Pilot project aims to reduce impact of fish farms
By SELENA ROSS CHRONCLE HERALD Sun, Jun 26 – 4:54 AM
Salmon anglers and conservationists are collaborating on an experiment to test whether indoor, freshwater tanks can be used to farm Atlantic salmon on an industrial scale — an idea that fish farmers say is unrealistic.
The Atlantic Salmon Federation and The Conservation Fund, an American environmental group, spent the past year raising Atlantic salmon in a stainless steel tank in West Virginia. Most of the tank’s water is filtered and re-circulated, creating a clean environment for the farmed fish while keeping them away from wild stocks.
Bill Taylor, president of the federation, said he hopes the pilot project will show that salmon can be farmed indoors at competitive costs, while reducing the environmental strain that he said is inevitable with open-pen farming.
"In present open-sea net pen operations, farmers have to use an awful lot of pesticides and antibiotics to deal with diseases. You don’t have to deal with that at closed-containment facilities," he said. "We can begin to transition away from the age-old technology that we’re using now."
Trout, char, Pacific salmon and other fish species are farmed commercially using similar technology, said Taylor, but this is the first experiment of its size raising Atlantic salmon.
East Coast fish farmers say the idea is unlikely to take off on a larger scale. Pamela Parker, executive director of the Atlantic Canada Fish Farmers Association, said raising New Brunswick’s yearly production of Atlantic salmon, 35,000 tonnes, in closed-containment systems would take 8,000 football fields’ worth of land, $1.5 billion to build infrastructure and access to water and power.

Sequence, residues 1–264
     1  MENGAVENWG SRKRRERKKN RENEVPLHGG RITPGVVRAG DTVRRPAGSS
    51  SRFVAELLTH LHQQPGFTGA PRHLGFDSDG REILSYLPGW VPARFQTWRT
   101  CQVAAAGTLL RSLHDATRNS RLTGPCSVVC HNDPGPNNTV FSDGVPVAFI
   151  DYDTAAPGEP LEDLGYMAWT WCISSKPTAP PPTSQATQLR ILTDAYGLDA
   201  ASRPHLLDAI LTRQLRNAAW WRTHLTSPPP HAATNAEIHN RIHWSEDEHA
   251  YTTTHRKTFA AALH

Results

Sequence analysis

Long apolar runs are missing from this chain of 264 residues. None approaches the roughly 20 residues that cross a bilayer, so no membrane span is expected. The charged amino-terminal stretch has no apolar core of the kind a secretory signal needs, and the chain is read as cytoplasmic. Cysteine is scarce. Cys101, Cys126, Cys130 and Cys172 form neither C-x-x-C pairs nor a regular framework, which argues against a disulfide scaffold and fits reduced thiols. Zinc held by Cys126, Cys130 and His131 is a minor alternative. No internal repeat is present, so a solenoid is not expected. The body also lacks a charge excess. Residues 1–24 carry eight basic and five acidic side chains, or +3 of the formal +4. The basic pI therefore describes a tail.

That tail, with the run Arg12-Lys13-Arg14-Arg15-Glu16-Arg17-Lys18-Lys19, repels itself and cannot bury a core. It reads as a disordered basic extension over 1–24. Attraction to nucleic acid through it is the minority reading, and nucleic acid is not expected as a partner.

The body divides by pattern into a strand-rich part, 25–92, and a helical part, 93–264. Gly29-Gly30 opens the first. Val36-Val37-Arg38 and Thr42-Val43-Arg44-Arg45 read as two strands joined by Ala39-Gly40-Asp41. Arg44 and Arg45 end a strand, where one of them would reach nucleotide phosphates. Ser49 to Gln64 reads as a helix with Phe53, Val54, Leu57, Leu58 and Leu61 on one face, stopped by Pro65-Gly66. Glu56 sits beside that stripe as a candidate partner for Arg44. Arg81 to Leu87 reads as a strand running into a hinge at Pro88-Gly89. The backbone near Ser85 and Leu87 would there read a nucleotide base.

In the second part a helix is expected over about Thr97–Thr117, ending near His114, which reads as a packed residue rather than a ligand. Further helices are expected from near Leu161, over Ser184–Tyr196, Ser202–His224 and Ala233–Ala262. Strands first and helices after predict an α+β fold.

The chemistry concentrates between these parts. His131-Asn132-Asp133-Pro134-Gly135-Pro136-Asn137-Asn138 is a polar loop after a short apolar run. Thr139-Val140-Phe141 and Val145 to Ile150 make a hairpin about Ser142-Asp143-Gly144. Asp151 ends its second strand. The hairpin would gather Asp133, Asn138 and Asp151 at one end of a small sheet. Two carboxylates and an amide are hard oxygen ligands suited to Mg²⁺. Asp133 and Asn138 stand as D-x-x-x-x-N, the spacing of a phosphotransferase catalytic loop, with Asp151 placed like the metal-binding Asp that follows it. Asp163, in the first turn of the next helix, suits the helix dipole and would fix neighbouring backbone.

"It’s an awful lot of money and it creates a huge amount of other environmental impacts to grow a species in a totally artificial environment," said Parker.
Open-pen farmed Atlantic salmon are already raised in closed-containment tanks for the first third of their life, mimicking their freshwater-to-saltwater life cycle, said Parker. But growing the fish to adult size, normally at about three years old, cannot be done on a commercial scale with current closed-containment technology, she said.
The salmon federation has spent $120,000 raising 10 tonnes of salmon this year in the pilot-project tank, said Taylor. The fish reached market size, eight to 10 pounds, in that year.
The Conservation Fund has been running closed-containment experiments with various fish species for two decades.
Last week, Nova Scotia’s NDP government approved permits for large-scale, open-site aquaculture farms in St. Marys Bay. In response, Liberal MLA Harold Theriault of Digby-Annapolis demanded proof from the fisheries and aquaculture minister that such farms are environmentally safe.